2016-12-15 00:00:00PayrollEnglishRead about the three-hour rule and learn whether you need to pay employees extra if their shift ends early.https://quickbooks.intuit.com/ca/resources/ca_qrc/uploads/2017/03/Small-Business-Owner-Calculates-Employee-Payment-Using-Three-Hour-Rule.jpghttps://quickbooks.intuit.com/ca/resources/payroll/understanding-canadas-three-hour-rule-for-employee-payment/Understanding Canada’s Three-Hour Rule for Employee Payment

Understanding Canada’s Three-Hour Rule for Employee Payment

2 min read

When business is slow, it’s common practice to let an employee go home early. However, if that employee has on the clock for less than three hours, you may have to pay them more than their usual rate. Understanding the Three-Hour Rule ensures your business stays compliant with labour regulations.

Three-Hour Rule Definition

The Government of Canada states that the Three-Hour Rule requires you to pay an employee for a minimum of three hours of labour, even if they get sent home early. To calculate the correct pay, you should figure out the pay for three hours of minimum wage labour as well as your employee’s regular rate for the time they worked. Then, you need to pay your employee the greater of these two amounts.

Note that the logistics of this rule may vary slightly from province to province, so it’s important to check with your provincial government for exact standards. For example, the Ministry of Labour in Ontario doesn’t extend this rule to students regardless of their age. Conversely, the government in Manitoba does not mention this exemption on its site.

Calculating the Three-Hour Rule With Minimum Wage Pay

As of 2018, the general minimum wage is $11.35 per hour. When you multiply this amount by three, the result is $34.05. If your employee works a very short shift and earns less than this amount, you should bump their pay up to $34.05. However, if your employee’s earnings exceed this amount, you should pay them what they earned.

To illustrate, imagine you have an employee who earns $15 per hour. After they’ve worked for 1.5 hours, you decide to send them home early. Their regular earnings for the time worked are $22.50. In this case, you should pay them the alternative amount of $34.05.

When Does the Three-Hour Rule Apply?

The Three-Hour Rule only applies to your employees who normally work shifts that are longer than three hours. This rule doesn’t apply to any of your employees who regularly work three-hour or shorter shifts.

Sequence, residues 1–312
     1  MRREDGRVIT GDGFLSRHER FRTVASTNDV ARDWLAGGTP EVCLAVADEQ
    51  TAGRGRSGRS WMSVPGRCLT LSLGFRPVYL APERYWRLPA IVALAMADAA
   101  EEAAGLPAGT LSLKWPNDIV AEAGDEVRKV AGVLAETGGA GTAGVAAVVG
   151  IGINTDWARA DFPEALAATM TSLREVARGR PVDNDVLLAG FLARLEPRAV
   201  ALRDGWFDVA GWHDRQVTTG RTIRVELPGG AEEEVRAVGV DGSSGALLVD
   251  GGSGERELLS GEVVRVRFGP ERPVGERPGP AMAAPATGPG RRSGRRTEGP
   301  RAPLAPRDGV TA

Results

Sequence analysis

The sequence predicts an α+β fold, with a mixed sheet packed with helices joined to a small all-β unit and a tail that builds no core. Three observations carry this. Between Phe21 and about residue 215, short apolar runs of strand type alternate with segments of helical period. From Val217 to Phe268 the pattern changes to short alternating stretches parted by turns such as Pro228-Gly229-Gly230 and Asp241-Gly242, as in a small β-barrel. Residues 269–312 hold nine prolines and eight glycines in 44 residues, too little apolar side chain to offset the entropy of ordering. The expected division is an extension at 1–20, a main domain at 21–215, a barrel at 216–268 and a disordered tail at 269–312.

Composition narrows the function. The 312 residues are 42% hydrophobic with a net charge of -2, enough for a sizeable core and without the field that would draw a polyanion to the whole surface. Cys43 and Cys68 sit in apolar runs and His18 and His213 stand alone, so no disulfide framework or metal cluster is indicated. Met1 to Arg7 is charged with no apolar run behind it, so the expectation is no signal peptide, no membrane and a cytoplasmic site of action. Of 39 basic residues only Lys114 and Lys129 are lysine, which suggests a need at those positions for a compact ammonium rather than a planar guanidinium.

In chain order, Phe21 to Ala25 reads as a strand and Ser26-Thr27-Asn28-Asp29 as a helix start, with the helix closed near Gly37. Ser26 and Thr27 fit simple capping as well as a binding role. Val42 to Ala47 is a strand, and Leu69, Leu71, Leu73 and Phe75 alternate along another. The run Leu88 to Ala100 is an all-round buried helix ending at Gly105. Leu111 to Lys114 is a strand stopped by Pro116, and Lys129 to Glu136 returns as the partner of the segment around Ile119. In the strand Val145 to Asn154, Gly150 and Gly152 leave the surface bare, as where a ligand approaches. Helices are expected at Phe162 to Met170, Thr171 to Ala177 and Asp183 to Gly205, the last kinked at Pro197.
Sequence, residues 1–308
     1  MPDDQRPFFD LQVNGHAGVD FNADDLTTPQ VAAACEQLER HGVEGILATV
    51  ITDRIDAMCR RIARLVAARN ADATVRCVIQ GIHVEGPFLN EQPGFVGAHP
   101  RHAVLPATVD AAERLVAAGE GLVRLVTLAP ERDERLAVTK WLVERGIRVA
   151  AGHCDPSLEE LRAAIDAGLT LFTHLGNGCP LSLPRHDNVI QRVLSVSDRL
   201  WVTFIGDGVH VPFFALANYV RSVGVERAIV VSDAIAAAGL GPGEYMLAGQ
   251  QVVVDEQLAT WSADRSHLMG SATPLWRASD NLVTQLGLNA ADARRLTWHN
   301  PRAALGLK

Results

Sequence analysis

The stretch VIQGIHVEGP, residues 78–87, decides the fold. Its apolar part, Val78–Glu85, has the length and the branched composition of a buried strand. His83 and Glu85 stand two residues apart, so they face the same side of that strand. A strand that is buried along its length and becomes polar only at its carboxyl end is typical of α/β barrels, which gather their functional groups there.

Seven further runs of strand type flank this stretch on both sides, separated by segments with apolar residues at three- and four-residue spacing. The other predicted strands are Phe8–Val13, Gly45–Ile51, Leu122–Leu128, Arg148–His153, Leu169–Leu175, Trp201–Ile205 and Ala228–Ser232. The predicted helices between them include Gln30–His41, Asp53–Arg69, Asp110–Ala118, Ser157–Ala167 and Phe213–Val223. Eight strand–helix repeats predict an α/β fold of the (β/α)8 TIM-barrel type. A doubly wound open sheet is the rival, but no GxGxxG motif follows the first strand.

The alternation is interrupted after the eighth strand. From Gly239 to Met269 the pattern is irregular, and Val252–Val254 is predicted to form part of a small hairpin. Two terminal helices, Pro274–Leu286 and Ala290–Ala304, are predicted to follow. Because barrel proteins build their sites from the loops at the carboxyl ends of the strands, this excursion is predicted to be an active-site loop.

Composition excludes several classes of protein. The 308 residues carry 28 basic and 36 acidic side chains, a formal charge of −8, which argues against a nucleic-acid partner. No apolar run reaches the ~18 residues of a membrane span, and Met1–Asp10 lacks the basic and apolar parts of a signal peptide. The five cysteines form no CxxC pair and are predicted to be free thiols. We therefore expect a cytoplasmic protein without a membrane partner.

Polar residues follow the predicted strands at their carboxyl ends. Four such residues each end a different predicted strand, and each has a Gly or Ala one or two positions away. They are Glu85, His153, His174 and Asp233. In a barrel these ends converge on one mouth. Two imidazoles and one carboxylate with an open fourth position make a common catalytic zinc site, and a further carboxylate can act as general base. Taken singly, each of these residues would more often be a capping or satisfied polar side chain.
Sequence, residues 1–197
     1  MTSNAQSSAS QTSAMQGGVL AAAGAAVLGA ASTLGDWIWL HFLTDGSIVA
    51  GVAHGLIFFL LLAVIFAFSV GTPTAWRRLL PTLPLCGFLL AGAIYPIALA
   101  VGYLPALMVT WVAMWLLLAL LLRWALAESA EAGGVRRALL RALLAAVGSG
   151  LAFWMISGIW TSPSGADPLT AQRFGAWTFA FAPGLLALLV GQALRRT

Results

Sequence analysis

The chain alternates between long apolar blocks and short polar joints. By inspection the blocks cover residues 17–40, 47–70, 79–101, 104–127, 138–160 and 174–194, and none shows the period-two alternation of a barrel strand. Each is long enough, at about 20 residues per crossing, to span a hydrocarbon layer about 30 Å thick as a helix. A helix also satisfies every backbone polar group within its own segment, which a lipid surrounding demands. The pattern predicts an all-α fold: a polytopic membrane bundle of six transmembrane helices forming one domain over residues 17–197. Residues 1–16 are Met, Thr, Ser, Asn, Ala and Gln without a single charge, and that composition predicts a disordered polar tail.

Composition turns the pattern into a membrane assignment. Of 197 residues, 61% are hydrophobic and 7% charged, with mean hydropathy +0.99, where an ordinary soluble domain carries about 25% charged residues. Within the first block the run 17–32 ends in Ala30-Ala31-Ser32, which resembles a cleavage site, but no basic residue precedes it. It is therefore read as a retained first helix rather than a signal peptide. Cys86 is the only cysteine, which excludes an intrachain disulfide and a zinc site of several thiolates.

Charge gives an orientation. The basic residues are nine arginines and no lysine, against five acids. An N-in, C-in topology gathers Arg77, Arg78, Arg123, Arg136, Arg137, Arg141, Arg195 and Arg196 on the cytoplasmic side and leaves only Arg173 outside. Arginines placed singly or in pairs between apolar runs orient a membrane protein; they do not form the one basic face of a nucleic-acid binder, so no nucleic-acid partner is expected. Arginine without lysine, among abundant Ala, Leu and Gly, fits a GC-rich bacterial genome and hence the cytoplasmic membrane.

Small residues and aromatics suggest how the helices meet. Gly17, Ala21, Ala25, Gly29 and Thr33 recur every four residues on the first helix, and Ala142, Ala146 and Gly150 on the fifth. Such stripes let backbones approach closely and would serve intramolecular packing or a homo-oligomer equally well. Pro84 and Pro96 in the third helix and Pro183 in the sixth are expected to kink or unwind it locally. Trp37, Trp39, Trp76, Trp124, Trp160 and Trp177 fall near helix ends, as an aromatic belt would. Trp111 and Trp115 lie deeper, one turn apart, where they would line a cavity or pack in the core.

The Three-Hour Rule also applies if you call your employee and cancel their shift before it starts. In these cases, as your employee does not log any hours, you should always pay minimum wage multiplied by three hours.

Are There Exceptions to the Three-Hour Rule?

The key exception to the three-hour rule is if your employee has to leave for reasons outside of your control. For example, if your employee feels ill and needs to go home early, you do not have to follow the three-hour rule.

It’s critical to note that you cannot avoid this requirement by asking for volunteers to leave early. To explain, imagine you own a restaurant and only a few customers have come in to eat. You don’t need all your servers, so you ask who wants to be cut. Even though a worker has volunteered to go home, you still have to take the three-hour rule into account. Here is where properly tracking your employee’s hours with efficient accounting software plays a big part in optimizing expenses. A quick check of who has already worked more than three hours that day can narrow down the choices of whom you ask to leave, and you can avoid having to increase pay to remain in compliance.

There are many laws as well as provisions available to support the needs of both the employer and employee. Did you know you can pay employees in QuickBooks? Add Payroll today.

Information may be abridged and therefore incomplete. This document/information does not constitute, and should not be considered a substitute for, legal or financial advice. Each financial situation is different, the advice provided is intended to be general. Please contact your financial or legal advisors for information specific to your situation.

Related Articles

Can You Use the "Made in Canada" Claim on Your Label?

"Made in Canada" — three little words that can make a big…

Read more

How to Incorporate Present and Future Values

When you take on jobs that might take several years to complete,…

Read more

Leverage Three Layers of a Product to Develop the Best Goods

Have you ever heard of the concept of the three levels of…

Read more